Man dies rapping in Zion

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Jon Beck

Trad climber
Oceanside
Topic Author's Original Post - Sep 20, 2012 - 07:51pm PT
http://abcnews.go.com/m/story?id=17280799

Man was rapping a falls in a canyon called subway
LuckyPink

climber
the last bivy
Sep 20, 2012 - 09:38pm PT
Unconfirmed reports suggest the man was using an autoblock that got stuck in his rappel device and became inverted while trying to get it unstuck.

this was posted on the ACA website discussion

we had some discussion here about autoblocks a while back

condolences to the family and especially this man's wife who was at the scene.
Brian in SLC

Social climber
Salt Lake City, UT
Sep 20, 2012 - 10:37pm PT
Tragic.

Man, 74, dies after hanging by foot overnight in Zion NP canyon
Tragedy Ľ Companion hiked for help, but rangers arrived too late.
By bob mims and Michael McFall
| The Salt Lake Tribune

First Published Sep 20 2012 08:25 am ē Updated 1 minute ago
Yoshio Hosobuchi, a retired neurosurgeon from Novato, Calif., spent the past few years traveling with his wife as they crossed items off his bucket list. Last year, he hiked Kilimanjaro, and Wednesday the couple aimed to check off one more: the Subway Slot Canyon in Zion National Park.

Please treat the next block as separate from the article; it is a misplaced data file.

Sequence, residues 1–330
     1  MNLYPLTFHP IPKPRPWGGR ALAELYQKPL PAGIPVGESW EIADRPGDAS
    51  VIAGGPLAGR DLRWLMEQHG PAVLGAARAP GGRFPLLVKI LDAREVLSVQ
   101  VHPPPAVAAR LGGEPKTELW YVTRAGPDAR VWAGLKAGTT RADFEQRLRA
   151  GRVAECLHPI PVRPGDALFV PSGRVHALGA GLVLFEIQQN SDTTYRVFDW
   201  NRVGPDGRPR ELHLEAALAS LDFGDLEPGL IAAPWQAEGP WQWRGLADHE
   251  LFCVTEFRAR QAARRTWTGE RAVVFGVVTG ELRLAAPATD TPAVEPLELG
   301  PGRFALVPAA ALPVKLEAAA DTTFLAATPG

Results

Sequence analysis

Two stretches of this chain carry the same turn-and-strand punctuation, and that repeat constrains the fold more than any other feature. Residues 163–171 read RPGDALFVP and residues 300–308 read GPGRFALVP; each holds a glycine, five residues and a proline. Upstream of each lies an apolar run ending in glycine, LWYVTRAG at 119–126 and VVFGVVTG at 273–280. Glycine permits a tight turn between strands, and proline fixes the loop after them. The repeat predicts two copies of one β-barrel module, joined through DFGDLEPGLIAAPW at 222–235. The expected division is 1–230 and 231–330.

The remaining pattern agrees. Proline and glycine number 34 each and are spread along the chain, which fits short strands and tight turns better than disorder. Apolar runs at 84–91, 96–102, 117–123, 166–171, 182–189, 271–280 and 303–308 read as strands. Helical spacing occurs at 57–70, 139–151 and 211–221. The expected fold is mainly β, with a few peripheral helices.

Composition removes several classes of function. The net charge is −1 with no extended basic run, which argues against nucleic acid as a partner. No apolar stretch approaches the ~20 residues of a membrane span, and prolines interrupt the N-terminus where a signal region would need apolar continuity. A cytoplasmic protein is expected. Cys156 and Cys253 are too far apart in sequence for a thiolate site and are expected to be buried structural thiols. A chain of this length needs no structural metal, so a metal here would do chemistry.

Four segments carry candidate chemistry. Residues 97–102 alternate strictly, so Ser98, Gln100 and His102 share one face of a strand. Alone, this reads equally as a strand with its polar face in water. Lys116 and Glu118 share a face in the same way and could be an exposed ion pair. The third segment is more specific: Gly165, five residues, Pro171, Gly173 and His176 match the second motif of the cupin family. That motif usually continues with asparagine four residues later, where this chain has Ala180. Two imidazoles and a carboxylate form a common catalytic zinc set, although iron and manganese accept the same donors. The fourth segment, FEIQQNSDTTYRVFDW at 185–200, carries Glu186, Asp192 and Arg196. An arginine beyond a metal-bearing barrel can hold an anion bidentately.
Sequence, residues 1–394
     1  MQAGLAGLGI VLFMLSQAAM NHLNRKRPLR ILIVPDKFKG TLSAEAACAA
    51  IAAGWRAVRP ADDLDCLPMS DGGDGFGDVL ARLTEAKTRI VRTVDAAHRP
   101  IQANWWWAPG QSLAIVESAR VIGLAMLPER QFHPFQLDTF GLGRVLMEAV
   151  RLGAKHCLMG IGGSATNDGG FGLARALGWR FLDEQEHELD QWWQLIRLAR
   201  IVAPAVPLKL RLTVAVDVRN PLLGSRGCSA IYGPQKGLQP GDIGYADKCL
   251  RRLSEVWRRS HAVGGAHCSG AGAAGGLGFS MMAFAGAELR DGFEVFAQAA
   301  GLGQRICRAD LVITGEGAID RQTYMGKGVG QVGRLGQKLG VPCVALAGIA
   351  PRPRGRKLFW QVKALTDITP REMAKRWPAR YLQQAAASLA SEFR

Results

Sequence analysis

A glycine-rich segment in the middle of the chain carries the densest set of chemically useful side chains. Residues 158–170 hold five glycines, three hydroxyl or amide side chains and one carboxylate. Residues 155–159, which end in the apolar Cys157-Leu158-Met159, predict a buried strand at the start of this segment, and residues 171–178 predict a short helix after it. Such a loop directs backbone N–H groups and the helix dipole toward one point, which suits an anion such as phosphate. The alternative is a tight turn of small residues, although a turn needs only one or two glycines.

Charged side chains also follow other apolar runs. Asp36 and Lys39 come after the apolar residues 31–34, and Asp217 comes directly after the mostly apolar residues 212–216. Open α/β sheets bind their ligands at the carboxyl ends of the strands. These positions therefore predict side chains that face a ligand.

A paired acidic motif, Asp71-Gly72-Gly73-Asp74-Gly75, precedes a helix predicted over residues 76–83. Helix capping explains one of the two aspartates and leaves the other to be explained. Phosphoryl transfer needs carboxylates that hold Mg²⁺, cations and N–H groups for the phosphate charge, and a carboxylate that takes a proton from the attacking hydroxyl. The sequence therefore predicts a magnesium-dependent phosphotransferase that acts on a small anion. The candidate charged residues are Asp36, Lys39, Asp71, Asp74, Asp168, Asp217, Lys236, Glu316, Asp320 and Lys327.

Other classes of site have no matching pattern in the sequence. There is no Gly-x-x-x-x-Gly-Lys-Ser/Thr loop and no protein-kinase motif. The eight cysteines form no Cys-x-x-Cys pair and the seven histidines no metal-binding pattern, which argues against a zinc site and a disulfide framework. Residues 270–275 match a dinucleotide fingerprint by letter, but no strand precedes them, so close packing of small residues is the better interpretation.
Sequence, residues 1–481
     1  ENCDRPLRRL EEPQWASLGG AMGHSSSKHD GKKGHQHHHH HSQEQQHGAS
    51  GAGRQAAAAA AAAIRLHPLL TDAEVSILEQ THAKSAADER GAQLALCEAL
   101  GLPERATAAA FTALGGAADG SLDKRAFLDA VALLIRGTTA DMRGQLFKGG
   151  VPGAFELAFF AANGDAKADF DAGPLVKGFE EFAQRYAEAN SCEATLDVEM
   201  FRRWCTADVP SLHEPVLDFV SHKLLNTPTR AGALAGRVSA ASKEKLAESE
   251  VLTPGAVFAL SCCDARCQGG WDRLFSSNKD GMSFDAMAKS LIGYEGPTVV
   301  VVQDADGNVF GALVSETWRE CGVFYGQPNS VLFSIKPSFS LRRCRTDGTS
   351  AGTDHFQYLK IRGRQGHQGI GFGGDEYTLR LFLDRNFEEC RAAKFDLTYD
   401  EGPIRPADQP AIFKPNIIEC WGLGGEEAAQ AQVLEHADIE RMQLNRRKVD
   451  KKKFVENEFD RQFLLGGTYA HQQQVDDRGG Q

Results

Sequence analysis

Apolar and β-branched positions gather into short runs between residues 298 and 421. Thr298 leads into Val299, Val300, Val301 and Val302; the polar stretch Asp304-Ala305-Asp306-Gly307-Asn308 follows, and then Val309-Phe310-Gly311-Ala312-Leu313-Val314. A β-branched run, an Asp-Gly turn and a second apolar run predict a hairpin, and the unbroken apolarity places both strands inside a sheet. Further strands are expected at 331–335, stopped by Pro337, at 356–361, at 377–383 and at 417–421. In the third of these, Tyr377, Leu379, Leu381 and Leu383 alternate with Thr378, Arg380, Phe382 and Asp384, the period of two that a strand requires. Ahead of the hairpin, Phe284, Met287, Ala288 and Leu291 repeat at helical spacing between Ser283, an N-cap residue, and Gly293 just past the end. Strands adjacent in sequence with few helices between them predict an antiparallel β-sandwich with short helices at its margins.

But their daylong adventure ended in unimaginable tragedy. Hosobuchi, 74, lost consciousness and died after hanging upside-down overnight in a waterfall, unable to free a foot that became stuck as he rappelled down the canyon wall. The accident occurred Tuesday night, and Hosobuchi had passed away by the time park rangers arrived Wednesday morning.

"He was unable to pull himself up to reach his foot. ÖThis was an extremely tragic, awful way for him to die," Zion spokeswoman Aly Baltrus said Thursday, adding that the exact cause of death awaited an autopsy by the Utah State Medical Examinerís Office.

When Hosobuchi and his 61-year-old wife reached the waterfall, with the canyon floor about 15 feet below them, Hosobuchi rappelled from an anchor in the waterfall instead of crossing it and rappelling from an anchor on the other side, Baltrus said. His repelling device jammed, possibly because of a knot, and he wound up upside down, his hands about five feet above the ground.

His wife, who had earlier managed to climb down to the canyon floor, tried to help him, but couldnít. And they were the last ones in the canyon, having been passed by several groups throughout the day.

Hosobuchiís wife tried in vain to locate help Tuesday night, but apparently became disoriented about halfway through the nine-mile route in the remote, rugged area.

"The partner was caught by darkness and was unfamiliar with the exit route, and could not make it out of the canyon until Wednesday morning," Baltrus explained.

A canyoneer from a group that had passed the couple earlier in the day had called park dispatchers at 9 p.m. to tell them that at their current pace, Hosobuchi and his wife would probably have to spend the night in the canyon. Based on that, rangers began looking for the overdue couple on Wednesday morning and ran into Hosobuchiís wife on the trail about 11:45 a.m. as she was hiking out.

The parkís search and rescue team found the victim about an hour later.

Baltrus said the couple were relatively new to canyoneering, and had not been to the Subway area. Their only experience was an introductory course and completing a trip through Keyhole Canyon, elsewhere in the park.